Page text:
Barrick Gold (GOLD), based in Toronto, is one of the world’s largest and highest-quality gold mining companies; about 50% of its production comes from North America, with the balance from Africa/Middle East and Latin America/Asia Pacific, notes Bruce Kaser, editor of Cabot Undervalued Stocks Advisor.
Barrick will continue to improve its operating performance (led by its highly capable CEO), generate strong free cash flow at current gold prices, and return much of that free cash flow to investors while making minor but sensible acquisitions.
Also, Barrick shares offer optionality — if the unusual economic and fiscal conditions drive up the price of gold, Barrick’s shares will rise with it. Given their attractive valuation, the shares don’t need this second (optionality) point to work — it offers extra upside. Barrick’s balance sheet has nearly zero debt net of cash.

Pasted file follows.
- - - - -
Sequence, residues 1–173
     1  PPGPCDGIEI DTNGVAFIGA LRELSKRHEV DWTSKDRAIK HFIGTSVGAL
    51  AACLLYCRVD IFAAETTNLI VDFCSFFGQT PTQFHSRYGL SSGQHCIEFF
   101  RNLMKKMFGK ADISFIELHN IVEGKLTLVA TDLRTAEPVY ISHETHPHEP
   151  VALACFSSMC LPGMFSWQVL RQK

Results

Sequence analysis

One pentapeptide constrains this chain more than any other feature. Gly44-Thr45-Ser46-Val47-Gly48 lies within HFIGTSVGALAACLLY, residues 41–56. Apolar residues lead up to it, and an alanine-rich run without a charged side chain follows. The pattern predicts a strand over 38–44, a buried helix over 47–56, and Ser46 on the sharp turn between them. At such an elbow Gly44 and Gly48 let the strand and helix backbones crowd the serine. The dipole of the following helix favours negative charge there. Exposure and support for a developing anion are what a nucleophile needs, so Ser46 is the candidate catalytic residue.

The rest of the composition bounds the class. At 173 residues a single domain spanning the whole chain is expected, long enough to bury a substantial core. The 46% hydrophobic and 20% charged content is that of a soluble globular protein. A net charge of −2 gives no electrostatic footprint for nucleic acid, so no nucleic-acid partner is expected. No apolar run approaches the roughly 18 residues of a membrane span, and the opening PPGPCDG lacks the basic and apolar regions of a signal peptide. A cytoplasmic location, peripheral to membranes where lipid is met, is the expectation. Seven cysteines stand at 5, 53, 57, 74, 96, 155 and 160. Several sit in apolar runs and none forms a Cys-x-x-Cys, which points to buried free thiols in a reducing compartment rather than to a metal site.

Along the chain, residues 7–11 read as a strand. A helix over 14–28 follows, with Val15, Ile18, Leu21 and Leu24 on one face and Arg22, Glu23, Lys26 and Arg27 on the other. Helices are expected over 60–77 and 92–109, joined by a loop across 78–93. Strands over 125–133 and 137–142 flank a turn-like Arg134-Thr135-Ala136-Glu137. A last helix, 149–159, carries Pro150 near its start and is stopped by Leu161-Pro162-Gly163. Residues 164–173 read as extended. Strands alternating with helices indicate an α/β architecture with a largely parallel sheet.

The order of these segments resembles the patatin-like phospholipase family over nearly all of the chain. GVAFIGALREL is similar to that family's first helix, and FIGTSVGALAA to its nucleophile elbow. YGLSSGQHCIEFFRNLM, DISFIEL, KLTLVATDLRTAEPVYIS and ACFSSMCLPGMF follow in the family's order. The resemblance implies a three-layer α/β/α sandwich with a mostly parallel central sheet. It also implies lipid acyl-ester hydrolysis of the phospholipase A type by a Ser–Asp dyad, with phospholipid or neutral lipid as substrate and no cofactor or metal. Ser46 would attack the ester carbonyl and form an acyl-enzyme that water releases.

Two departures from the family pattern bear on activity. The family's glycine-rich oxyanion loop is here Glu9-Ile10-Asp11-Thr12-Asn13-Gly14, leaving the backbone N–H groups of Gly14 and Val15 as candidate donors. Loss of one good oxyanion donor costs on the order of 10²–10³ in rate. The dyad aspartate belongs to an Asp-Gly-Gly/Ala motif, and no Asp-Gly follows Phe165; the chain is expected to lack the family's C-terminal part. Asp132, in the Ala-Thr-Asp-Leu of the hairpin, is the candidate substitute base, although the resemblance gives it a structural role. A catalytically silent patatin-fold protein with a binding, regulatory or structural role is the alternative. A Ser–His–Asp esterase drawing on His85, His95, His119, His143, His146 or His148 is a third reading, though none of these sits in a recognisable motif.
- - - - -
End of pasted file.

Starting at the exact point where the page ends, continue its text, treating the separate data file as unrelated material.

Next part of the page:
Barrick reported fourth-quarter gold production that rose 13% from the third quarter, but this was about 1% below the guided volume, leading to a modest sell-off in the shares. Meeting production guidance is an indicator of management’s credibility and grip on its operations.
While Barrick’s “miss” was modest, it suggests that the gold mining operations are not performing to management’s expectations, which implies either that management was caught off-guard or that some trait in its production profile made the target unachievable. We don’t see this quarter’s miss as a problem as long as it was a one-off miss.
Major risks include the possibility of a decline in gold prices, production problems at its mines, a major acquisition and/or an expropriation of one or more of its mines.
Investors and commentators offer a wide range of outlooks for the economy, interest rates and inflation. We have our views but hold these as more of a general framework than a high-conviction posture. Investing in gold-related equities is a long-term decision — investors shouldn’t allow near-term weakness to deter their resolve. The stock has 43% upside to our $27 price target.